Submarine (6)

This project is slightly tricky, but if done correctly the propeller will really spin and push your bottle “submarine” forward around a bath or basin of water. Full disclosure: ours didn’t quite work, but the principle was there! Meanwhile Travis learned a bit about how submarines really float or sink.

To make the submarine, start with a small empty water bottle. Poke a hole in the bottom with a push pin. Straighten a paper clip and insert in the hole, but then you’ll need to re-bend the tip of the paper clip from the inside. This was tricky, and I managed to push it down with a pencil.

Submarine (2)

Now draw a propeller shape with 4 blades on the top of a yogurt container (or similar container). Cut out, then poke a hole in the center with the push pin. Poke a hole in the center of the bottle’s cap, too.

Submarine (3)

Insert a second paper clip into the cap so that the loop will be inside the bottle once the cap is screwed on. Loop an elastic around this hook and the paper clip on the bottom of the bottle. Poke the cap’s paper clip through the propeller as well, and then bend the end of it to hold everything in place.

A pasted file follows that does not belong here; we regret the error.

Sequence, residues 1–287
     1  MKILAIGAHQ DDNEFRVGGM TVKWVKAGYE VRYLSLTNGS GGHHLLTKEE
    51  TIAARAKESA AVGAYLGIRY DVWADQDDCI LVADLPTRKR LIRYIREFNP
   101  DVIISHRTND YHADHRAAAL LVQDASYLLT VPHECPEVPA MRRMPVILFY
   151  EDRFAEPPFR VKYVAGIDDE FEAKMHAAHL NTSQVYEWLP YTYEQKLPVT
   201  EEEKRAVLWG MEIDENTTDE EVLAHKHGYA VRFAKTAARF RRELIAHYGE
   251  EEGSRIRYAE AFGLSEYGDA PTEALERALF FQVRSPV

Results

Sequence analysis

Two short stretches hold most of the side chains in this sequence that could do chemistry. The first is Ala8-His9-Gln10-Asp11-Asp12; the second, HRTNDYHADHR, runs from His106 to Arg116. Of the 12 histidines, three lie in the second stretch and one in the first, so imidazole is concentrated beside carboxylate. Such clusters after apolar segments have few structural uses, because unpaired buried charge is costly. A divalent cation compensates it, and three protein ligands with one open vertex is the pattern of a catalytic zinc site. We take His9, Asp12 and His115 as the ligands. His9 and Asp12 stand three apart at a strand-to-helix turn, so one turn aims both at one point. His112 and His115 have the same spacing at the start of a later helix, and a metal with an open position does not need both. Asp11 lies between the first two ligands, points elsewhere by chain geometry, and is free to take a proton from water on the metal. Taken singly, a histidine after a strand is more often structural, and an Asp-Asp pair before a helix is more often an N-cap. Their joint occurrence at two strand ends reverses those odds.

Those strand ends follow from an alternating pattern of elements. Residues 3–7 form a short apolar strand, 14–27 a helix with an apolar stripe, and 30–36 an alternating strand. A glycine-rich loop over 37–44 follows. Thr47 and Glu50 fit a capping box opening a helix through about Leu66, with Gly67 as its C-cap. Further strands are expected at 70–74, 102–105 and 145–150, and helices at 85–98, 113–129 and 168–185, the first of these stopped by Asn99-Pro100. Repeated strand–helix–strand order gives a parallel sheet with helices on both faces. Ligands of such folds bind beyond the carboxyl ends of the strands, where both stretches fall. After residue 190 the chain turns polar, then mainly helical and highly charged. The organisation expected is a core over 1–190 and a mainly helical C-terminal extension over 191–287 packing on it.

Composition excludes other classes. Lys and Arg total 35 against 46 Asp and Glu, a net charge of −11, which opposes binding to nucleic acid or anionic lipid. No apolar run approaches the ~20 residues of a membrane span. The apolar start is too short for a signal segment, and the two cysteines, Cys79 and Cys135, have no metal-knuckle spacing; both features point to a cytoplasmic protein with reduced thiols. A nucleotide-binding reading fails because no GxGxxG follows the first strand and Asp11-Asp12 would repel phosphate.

Submarine (4)

To weight the bottle properly on top, glue two pennies to the ends of a craft stick. Secure this to the bottle with a rubber band.

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We were ready to give it a try! Wind up the rubber band by spinning the propeller around; ideally it will unspin once you let go in a basin of water. Unfortunately, ours didn’t behave quite as we hoped!

Submarine (7)

What we were able to experiment with, however, was the real way that submarines dive and emerge. Tanks fill with water to make the submarine heavier and it sinks; when those tanks are pumped out, the submarine rises again. Travis experimented with filling our bottle and then dumping the water out, to see these differences.

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And then of course it just becomes a fun water toy! In sum, a great little STEM experiment.

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